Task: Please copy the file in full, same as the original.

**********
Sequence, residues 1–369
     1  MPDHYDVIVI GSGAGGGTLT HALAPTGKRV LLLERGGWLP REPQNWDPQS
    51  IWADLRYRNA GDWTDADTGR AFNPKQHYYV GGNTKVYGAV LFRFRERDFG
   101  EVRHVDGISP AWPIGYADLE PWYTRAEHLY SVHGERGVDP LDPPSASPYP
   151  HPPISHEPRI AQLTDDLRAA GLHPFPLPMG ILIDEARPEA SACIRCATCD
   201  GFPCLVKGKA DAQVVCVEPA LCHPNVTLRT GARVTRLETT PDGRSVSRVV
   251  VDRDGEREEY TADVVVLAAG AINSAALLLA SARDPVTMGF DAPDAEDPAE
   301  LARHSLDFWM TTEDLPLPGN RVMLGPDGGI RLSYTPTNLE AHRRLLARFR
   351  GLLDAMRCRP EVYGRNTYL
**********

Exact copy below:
Sequence, residues 1–369
     1  MPDHYDVIVI GSGAGGGTLT HALAPTGKRV LLLERGGWLP REPQNWDPQS
    51  IWADLRYRNA GDWTDADTGR AFNPKQHYYV GGNTKVYGAV LFRFRERDFG
   101  EVRHVDGISP AWPIGYADLE PWYTRAEHLY SVHGERGVDP LDPPSASPYP
   151  HPPISHEPRI AQLTDDLRAA GLHPFPLPMG ILIDEARPEA SACIRCATCD
   201  GFPCLVKGKA DAQVVCVEPA LCHPNVTLRT GARVTRLETT PDGRSVSRVV
   251  VDRDGEREEY TADVVVLAAG AINSAALLLA SARDPVTMGF DAPDAEDPAE
   301  LARHSLDFWM TTEDLPLPGN RVMLGPDGGI RLSYTPTNLE AHRRLLARFR
   351  GLLDAMRCRP EVYGRNTYL